Sisters of Isan displays Isan (the northeastern part of Thailand)’s value and their construction at the beginning of the 20th century together with Thailand as a modern state. The book has recorded the stories of two sisters growing up and working from the countryside to Bangkok. At the same time, the book shows the perspectives of Isan people through their belief, lifestyle, culture, social norm, value and fate. This book covers the changes by over 50 years of Isan workers and Thailand. Hence, beyond two sisters who had shifted from rural to urban landscape, the stories inside reflect how Thai society has come. The struggle is not something Isan people choose, whereas, reading this book may imply the answer. Sisters of Isan is not just a book. This infers lives… the Isan’s lives.
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GUEST CONTRIBUTION by Alexandrea Lee, Catherine Darin and Rebecca Goncharoff
Photo credits: Aaron Hedquist, Emma Tran and Jeremy Starn
KHON KAEN – Despite concerns from the military, about 400 people from thirteen provinces participated in the 7th Annual Isaan Human Rights Festival held yesterday at Kwanmor Hotel in Khon Kaen. New to the festival this year was the participation of diplomats from the United Kingdom, Canada, New Zealand, the European Union, Sweden, and the United States.
The event, funded primarily by European Union’s “Thailand-EU Policy Dialogues Support Facility” program, has been organized almost every year since 2006 to commemorate International Human Rights Day. Event organizers say the annual festival has provided a venue for communities and networks to come together to share their human rights situation and make demands.
The morning session began with an opening statement by Mr. Jarrod Weir of the EU, and talks by Ms. Anne-Charlotte Malm, head of Sweden’s regional SIDA program, and Mr. Norman Pflanz, a human rights officer from the United States.
The “Ambassadors’ Forum on Human Rights” followed, featuring Mr. Mark Kent, UK ambassador to Thailand, Ambassador Philip Calvert of Canada, and New Zealand Ambassador Reuben Levermore.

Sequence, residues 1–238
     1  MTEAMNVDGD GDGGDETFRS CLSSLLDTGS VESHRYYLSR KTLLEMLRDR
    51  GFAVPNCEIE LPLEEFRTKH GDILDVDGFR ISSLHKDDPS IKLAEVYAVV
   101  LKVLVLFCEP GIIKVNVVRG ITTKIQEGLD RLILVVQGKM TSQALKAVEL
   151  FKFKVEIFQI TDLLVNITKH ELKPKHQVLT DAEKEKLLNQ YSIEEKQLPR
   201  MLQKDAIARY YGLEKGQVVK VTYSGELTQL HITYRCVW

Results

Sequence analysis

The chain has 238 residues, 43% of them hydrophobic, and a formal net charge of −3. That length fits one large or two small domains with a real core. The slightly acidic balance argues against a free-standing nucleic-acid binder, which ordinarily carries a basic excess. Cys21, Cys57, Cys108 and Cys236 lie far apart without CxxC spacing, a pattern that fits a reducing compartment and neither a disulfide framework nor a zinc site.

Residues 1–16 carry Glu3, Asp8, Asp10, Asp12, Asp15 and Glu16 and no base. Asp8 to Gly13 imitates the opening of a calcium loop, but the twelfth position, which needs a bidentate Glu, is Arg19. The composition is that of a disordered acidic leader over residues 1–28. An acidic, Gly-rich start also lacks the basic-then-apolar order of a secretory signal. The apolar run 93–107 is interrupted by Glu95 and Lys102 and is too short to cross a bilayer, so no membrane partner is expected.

The ambassadors related the human rights journeys of their respective countries, emphasizing the need for freedom of expression and assembly in the pursuit of a democratic society. Ambassadors Calvert and Levermore highlighted how indigenous people’s rights became an important part of the “fabric” of the human rights landscape in Canada and New Zealand.
Ambassador Calvert said, “Canada has learned that when you suppress cultural rights—the right to speak your own language and connection to the land—the results are disastrous.”
Ambassador Kent, who preferred to address the audience in Thai, spoke about the importance of equality and equal opportunity.
“I am from a small village in rural England. Growing up, my father was a truck driver, yet I was given the opportunity to go to Oxford. From this I have seen the importance of equal access and rights for all people, whether they are rich or poor, from the city or the country.”
The ambassador’s affirmation of equal rights for rural people was received warmly by the audience.
Members of various affected communities and networks throughout the Northeast had the rare chance to share with the foreign guests their growing frustration with the enduring human rights issues facing their communities.
Villagers in Kalasin province who are fighting to prevent the drilling of petroleum near their land were among those voicing concerns about Thailand’s inequities.
“Usually foreign companies collaborate with the Thai government to create problems for our communities,” a Kalasin villager said. “They look at us as a minority and claim that we have to sacrifice for the nation. We sent letters and spoke to the media, but our rights are still violated. You might have a more powerful voice than us, so I think you can make our small voices heard.”
The visiting diplomats acknowledged the value of this chance to speak directly with common people from the Northeast to better understand the human rights situation in the Thailand.